With summer on the way, Life&Style’s Phoebe Snedker criticises the unrealistic standards for body image during this season

Second year English Literature and History student.
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With summer just around the corner, the romanticisation of the ideal ‘summer bod’ in media discourse is looming upon us. The drive for the perfect glowing tan, figure and Instagram feed is in full force, particularly now that lockdown restrictions are beginning to be eased. This year especially, I feel it is so important to reject these concepts of idealised beauty and truly embrace our bodies in their own right.

The bodies we see and praise online are largely unrealistic and unobtainable

The question we must all consider is: why are we so obsessed with creating the perfect social media presence? Planning posts in advance, consistently editing and altering our photos and obsessing over likes seems to have become a standard procedure in our lives. But why? The bodies we see and praise online are largely unrealistic and unobtainable, yet we still hold these idealised figures on a golden pedestal.

As someone who has struggled with body image through my teenage years, it has taken me many years to realise that if I only post my ‘good moments’ online – making a conscious effort with my appearance though makeup, fake tan, posing in ways that flatter my figure, using filters, and so forth – it is likely that others are doing this too. In comparing ourselves to others online, we are only seeing the moments that people wish to share with the world – celebrity or not. We are not seeing any deemed ‘flaws,’ such as broken skin, scars, stretch marks, and so forth. Of course we are going to envy portrayals of others online when we can only see what are stereotyped to be the ‘highlights’ of beauty.

It is important to move away from ‘perfecting’ our appearances online

I feel it so important to reinforce that these features previously mentioned as ‘flaws’ are human, and beautiful in their own right. For me personally, the COVID-19 lockdowns have taken away the pressure of posting on social media and comparing myself to others and their lives. I have learned to love all of my stretch marks, scars, my hip dips, my wonky boobs – all of the things I had previously considered to be ‘ugly’ or ‘weird’ because they were absent from my timeline.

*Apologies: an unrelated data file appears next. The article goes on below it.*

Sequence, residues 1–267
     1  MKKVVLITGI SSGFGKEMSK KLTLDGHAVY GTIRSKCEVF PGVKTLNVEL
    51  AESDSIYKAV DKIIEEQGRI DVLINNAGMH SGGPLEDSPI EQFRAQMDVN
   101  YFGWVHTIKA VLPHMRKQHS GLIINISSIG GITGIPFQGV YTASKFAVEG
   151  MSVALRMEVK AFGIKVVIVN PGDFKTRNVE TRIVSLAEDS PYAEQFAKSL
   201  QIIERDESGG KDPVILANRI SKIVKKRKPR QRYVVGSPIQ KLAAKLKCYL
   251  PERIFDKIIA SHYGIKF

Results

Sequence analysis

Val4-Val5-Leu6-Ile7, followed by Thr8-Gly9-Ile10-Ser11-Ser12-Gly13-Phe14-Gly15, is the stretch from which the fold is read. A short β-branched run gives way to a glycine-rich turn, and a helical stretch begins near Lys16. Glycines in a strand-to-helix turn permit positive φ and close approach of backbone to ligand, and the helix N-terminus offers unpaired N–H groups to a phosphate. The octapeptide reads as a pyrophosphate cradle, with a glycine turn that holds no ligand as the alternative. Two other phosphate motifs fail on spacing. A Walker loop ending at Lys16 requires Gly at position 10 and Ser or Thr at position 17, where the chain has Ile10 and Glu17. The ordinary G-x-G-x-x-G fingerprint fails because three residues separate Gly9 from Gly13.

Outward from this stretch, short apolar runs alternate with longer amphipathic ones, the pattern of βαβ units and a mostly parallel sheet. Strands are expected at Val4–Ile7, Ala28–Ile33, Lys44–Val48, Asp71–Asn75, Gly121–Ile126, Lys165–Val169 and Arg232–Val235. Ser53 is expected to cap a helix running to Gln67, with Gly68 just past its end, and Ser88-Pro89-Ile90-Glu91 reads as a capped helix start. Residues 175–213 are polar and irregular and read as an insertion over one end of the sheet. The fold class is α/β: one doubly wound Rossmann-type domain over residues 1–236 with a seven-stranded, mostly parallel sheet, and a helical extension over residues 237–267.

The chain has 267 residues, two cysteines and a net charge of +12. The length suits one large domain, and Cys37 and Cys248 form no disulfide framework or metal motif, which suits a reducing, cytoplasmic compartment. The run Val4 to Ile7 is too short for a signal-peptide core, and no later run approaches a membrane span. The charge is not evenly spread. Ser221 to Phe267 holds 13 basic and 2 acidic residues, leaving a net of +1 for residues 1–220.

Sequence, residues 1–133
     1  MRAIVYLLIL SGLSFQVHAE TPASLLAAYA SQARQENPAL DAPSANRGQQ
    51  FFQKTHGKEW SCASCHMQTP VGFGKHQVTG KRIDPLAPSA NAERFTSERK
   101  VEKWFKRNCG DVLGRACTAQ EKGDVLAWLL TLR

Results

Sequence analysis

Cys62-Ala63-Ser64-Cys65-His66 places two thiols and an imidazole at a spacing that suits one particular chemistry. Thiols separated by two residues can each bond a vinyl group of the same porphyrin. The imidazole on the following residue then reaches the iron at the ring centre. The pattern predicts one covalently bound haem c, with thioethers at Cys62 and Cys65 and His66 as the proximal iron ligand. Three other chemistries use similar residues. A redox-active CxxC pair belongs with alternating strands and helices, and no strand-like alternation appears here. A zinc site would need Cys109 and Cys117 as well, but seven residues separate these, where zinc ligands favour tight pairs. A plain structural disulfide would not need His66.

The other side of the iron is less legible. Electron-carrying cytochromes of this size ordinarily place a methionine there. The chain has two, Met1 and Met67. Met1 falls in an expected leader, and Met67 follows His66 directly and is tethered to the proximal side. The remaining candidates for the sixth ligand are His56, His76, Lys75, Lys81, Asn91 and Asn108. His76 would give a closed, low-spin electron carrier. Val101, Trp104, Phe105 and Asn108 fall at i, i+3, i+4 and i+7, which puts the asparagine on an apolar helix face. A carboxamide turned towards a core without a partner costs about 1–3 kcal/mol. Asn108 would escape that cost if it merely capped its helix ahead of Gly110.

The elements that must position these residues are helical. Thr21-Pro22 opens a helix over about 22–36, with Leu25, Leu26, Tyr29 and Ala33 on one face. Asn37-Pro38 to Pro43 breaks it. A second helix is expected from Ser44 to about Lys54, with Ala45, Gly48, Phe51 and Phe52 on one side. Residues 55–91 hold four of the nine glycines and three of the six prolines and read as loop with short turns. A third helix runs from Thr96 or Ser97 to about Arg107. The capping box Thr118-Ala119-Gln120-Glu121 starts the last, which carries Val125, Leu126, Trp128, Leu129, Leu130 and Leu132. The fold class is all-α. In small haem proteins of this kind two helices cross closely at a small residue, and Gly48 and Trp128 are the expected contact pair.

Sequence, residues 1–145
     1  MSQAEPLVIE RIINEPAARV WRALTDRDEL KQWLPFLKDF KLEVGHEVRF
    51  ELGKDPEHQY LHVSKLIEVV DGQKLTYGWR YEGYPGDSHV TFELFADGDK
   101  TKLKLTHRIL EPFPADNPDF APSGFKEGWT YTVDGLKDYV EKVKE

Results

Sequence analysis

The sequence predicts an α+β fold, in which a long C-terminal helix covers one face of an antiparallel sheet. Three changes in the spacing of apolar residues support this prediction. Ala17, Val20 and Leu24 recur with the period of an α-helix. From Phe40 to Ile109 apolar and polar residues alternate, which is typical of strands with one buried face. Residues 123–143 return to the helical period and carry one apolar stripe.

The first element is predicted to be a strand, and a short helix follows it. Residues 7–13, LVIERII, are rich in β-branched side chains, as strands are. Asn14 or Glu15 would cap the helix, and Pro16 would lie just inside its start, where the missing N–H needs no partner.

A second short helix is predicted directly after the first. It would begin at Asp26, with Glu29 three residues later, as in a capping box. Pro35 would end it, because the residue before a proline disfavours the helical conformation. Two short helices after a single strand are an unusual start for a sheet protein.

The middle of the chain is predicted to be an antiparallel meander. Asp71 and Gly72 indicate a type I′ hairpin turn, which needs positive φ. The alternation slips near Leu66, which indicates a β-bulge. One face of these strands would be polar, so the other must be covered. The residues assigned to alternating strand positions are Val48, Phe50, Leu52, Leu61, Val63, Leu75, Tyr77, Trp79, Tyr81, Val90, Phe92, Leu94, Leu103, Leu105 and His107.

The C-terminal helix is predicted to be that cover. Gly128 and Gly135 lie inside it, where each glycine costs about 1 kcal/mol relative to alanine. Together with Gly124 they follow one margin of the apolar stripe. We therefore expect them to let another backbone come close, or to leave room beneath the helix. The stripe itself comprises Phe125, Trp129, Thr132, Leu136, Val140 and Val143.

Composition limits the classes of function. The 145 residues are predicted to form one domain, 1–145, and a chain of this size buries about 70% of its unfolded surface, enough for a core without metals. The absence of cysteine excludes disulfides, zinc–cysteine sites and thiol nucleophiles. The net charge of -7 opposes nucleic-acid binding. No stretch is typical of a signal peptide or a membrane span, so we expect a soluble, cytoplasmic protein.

One of Lizzo’s recent posts serves as an example of people being more transparent with their appearance online. She posted a nude photo in honour of her partnership with the #DoveSelfEsteemProject, with the caption: ‘To celebrate I wanna give y’all this unedited selfie.. now normally I would fix my belly and smooth my skin but baby I wanted show u how I do it au natural.’ It is important to move away from ‘perfecting’ our appearances online; we see so much of it that we have been programmed to believe smooth skin, without wrinkles, moles, blemishes, etc. is the norm, when in reality it could not be further from it. The more people with larger followings that set this example, the more beneficial it will be for their audiences and general self-esteem.

We should not allow the ‘summer bod’ idealised online deter us from feeling confident and having fun

Following such a hard year with lockdowns and isolation, we should not allow the ‘summer bod’ idealised online deter us from feeling confident and having fun. Be proud of your skin, no matter how pale or dark; wear that outfit and show off your figure; smile with a big cheeky grin in pictures with those you love. It breaks my heart how so many men and women are reluctant to leave the comfort of their homes because social media has taught us that you need to look a certain (often unobtainable) way in order to be attractive or worthy.

For me, these lockdowns have made me realise how unimportant it is to maintain an ‘interesting’ social media persona – constantly going to exciting places and validating it with a post – and how important it is to love ourselves, our bodies and those around us. Of course, take photos, document memories, and express yourself how you wish online, but it is time we normalised these ‘flaws’ and encouraged others to see the beauty in being unapologetically human.

 

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